You don’t have to venture far from home to enjoy the outdoors with your family. Pitching a tent in the backyard is a great alternative to build memories with your children while practicing social distancing. Here are six simple steps to pull off a successful backyard camping experience:
Pick the tent’s location
One of the great things about backyard camping is its convenience. Set up the campsite and tents close to the house. That way, it’s just a short walk away if you or your kids need to use the bathroom or fetch an item you forgot to bring outside.
Have the children set up the camping area
Help cultivate your kids’ love for the outdoors and knowledge of pitching a tent when you let them set up the campsite. Supervise their efforts to ensure their safety, but let them do the work when it comes to putting the tent poles together, hammering in the ground stakes and laying out the bedding.
Go with the right pit
A backyard fire pit is a great alternative to a campsite bonfire. Just make sure to check your neighborhood’s fire code to make sure that fire pits are permitted. Even if you live in the suburbs and have strict homeowner’s association rules, you can still enjoy the glow of the flames via a raised fire pit that you can purchase from a local home improvement store.
Opt for unplugged activities
Leave electronics inside so you and your children can have some unplugged fun for a more authentic camping experience. Tell ghost stories, play some yard games like bocce balls or Spikeball, and catch fireflies. Backyard camping is also a great opportunity to learn more about the stars. Consider buying a telescope so you and your family can scan the sky for constellations. You could also hide small objects around the yard when it grows dark and let kids find them with flashlights. Award prizes to those who find the objects.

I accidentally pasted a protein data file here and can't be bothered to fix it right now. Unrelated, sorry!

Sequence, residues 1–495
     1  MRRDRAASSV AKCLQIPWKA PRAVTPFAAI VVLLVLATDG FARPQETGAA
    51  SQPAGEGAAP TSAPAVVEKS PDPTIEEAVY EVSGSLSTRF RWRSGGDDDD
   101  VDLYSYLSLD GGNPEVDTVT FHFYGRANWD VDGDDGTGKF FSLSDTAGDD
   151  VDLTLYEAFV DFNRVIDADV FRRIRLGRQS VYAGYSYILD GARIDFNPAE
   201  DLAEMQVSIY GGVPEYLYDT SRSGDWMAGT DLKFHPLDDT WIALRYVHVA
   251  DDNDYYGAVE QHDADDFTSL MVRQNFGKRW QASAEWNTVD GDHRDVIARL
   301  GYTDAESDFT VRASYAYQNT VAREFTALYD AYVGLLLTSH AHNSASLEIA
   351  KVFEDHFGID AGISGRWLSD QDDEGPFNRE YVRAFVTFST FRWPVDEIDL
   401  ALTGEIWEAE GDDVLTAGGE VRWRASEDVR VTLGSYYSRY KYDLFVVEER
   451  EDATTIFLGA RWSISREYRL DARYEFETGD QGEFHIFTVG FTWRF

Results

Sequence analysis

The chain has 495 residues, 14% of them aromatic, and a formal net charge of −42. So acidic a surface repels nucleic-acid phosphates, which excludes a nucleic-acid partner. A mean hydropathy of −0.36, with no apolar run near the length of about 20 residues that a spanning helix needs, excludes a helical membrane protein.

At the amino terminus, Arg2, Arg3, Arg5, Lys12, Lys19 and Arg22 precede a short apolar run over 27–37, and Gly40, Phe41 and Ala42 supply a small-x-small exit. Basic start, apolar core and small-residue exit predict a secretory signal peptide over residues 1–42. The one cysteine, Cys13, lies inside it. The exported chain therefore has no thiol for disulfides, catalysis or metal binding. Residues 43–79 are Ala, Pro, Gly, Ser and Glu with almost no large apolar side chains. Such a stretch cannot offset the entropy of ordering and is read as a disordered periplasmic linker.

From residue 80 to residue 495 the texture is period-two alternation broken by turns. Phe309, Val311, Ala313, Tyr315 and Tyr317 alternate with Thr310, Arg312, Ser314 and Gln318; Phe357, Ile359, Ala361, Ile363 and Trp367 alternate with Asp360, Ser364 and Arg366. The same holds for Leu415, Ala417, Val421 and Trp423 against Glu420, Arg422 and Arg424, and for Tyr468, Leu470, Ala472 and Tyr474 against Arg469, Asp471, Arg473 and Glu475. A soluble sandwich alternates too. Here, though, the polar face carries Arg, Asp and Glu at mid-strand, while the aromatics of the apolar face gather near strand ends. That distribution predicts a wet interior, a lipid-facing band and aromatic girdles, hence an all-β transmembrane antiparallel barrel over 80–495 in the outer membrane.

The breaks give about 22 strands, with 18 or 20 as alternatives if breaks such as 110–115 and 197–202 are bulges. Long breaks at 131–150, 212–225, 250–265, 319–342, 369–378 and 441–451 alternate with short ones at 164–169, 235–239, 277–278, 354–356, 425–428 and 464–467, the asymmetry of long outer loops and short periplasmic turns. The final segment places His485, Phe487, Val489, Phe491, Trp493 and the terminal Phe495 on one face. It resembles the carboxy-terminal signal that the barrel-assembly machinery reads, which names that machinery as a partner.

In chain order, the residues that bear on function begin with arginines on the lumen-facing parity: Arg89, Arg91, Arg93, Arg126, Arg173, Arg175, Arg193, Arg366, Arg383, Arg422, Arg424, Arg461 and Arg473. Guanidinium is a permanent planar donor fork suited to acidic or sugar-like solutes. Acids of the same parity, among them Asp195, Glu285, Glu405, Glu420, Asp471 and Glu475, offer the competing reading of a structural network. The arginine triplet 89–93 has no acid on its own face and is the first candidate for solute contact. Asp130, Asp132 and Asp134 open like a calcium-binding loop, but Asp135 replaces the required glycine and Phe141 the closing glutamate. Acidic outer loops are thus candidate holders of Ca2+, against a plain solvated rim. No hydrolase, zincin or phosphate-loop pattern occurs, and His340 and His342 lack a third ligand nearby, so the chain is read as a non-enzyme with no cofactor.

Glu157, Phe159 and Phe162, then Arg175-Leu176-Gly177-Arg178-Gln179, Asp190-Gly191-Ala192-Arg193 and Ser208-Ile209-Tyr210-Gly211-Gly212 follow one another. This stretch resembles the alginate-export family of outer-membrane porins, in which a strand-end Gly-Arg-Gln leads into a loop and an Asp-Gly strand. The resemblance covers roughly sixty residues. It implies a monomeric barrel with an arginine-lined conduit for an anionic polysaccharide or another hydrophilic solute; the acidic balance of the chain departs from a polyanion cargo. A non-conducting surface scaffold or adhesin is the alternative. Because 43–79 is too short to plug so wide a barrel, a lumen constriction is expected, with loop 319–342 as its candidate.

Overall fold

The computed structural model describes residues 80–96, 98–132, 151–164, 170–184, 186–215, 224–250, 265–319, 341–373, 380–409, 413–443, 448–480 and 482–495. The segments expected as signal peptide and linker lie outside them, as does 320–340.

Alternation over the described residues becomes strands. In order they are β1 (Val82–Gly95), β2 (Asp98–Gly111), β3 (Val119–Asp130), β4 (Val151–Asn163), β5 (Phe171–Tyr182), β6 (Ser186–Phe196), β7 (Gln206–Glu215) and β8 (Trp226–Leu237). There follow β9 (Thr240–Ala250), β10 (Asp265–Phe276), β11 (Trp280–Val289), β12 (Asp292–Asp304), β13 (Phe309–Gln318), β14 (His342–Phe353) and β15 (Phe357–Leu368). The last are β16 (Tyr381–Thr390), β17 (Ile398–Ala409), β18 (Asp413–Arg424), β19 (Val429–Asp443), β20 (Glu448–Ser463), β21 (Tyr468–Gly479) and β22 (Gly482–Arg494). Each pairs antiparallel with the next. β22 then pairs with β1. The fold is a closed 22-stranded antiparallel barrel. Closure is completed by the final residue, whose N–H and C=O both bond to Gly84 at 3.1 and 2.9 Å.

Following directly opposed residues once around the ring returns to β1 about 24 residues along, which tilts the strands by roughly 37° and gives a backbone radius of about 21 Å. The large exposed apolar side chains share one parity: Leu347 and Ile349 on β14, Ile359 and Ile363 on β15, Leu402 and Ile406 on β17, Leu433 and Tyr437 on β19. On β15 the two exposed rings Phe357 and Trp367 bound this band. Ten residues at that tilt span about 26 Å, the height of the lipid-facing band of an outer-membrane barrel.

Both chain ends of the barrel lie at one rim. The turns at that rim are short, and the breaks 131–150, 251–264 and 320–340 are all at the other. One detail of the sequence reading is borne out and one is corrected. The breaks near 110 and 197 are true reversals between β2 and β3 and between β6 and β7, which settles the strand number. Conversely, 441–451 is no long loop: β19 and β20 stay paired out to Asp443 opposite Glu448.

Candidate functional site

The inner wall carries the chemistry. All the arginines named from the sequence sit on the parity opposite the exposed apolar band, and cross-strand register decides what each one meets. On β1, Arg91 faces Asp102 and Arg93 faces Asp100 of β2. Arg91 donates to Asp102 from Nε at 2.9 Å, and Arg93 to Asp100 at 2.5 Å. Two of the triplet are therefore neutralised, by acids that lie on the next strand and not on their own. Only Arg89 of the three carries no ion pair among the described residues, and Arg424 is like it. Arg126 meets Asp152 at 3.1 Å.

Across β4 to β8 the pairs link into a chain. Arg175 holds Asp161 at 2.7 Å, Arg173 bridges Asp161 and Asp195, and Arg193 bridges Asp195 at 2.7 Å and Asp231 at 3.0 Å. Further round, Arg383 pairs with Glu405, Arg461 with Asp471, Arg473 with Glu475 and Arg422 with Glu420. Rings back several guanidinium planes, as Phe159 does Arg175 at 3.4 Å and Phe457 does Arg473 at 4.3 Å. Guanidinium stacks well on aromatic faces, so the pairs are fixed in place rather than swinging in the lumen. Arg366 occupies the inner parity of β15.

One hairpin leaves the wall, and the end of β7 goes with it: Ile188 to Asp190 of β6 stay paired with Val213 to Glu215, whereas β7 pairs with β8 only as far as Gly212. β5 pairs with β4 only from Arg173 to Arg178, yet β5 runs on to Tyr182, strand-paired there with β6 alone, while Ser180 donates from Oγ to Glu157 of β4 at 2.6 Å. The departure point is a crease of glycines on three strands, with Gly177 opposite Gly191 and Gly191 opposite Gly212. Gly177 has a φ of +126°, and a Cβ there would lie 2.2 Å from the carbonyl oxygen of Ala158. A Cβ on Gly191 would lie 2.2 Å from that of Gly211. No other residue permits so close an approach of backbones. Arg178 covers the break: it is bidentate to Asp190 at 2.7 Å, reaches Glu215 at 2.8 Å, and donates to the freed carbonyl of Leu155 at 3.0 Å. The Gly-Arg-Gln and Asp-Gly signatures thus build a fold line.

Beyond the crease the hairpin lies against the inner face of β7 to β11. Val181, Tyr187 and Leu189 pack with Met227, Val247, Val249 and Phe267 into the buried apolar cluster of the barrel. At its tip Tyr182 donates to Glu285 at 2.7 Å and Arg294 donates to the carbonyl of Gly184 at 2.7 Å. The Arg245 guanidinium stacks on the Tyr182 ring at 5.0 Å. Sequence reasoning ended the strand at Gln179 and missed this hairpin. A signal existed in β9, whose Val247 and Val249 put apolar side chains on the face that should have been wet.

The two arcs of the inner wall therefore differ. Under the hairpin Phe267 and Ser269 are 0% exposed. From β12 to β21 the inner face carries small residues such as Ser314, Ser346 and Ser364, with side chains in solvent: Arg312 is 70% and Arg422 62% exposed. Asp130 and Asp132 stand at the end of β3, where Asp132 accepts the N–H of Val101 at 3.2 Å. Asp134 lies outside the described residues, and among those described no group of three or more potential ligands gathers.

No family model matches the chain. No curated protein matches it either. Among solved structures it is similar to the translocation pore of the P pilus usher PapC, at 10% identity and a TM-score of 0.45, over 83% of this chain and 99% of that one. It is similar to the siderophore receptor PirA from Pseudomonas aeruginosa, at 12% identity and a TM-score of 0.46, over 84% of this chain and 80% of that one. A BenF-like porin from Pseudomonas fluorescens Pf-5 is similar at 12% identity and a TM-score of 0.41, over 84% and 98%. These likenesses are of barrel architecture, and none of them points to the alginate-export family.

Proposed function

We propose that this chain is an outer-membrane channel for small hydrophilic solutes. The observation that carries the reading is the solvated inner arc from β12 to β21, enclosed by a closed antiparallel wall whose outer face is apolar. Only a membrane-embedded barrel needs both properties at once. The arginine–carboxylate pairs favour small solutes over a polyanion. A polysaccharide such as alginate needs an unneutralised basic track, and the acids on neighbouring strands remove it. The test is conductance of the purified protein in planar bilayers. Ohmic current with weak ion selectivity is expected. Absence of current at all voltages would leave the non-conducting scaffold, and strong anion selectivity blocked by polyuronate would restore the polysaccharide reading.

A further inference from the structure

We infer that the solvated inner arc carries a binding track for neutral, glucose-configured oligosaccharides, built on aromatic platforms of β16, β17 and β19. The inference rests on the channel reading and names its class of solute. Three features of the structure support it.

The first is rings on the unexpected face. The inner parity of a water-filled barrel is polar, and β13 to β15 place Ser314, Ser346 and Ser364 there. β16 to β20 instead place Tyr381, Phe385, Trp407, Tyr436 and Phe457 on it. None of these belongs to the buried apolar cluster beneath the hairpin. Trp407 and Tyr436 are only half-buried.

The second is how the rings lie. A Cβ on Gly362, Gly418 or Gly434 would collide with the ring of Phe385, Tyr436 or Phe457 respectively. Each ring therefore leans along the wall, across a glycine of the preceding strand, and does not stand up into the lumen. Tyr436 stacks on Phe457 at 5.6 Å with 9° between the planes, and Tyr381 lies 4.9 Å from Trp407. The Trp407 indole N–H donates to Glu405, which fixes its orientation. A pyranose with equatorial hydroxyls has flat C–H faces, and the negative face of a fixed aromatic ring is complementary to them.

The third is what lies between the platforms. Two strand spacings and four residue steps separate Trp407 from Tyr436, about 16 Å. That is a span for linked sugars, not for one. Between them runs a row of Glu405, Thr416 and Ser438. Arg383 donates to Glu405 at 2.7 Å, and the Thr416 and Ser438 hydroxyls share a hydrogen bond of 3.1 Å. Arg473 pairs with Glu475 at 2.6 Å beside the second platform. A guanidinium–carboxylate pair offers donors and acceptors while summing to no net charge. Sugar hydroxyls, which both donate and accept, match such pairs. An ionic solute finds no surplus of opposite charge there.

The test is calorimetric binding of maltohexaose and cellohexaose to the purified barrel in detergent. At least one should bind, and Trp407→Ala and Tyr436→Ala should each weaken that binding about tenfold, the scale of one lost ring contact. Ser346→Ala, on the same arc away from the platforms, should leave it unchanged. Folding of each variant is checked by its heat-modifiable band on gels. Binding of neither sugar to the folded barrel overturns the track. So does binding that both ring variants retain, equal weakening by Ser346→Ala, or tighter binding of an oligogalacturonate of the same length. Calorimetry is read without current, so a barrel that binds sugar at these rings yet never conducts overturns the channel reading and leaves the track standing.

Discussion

Whip up some camp-friendly recipes
If you’ll be cooking dinner over the fire pit, find a recipe or two to try that goes beyond roasted hot dogs (unless you really like hot dogs). Make some delicious tin foil dinner recipes like cilantro lime shrimp, salsa verde chicken and rice, grilled pizza bread and campfire potatoes. For dessert, experiment with s’more varieties by swapping out graham crackers for Oreos or chocolate chip cookies. Or try unconventional fillings like bacon, berries and dulce de leche.
Make sure your after-hours lighting is kid-friendly
Though two-mantle propane lanterns are a common flashlight alternative for adult campers, these can be dangerous for young ones. Instead, go with more child-safe lighting options like headlamps and either solar- or battery-powered lanterns.
By implementing these suggestions, you’re well on your way to giving your family a delightful night under the stars without traveling far from the back door.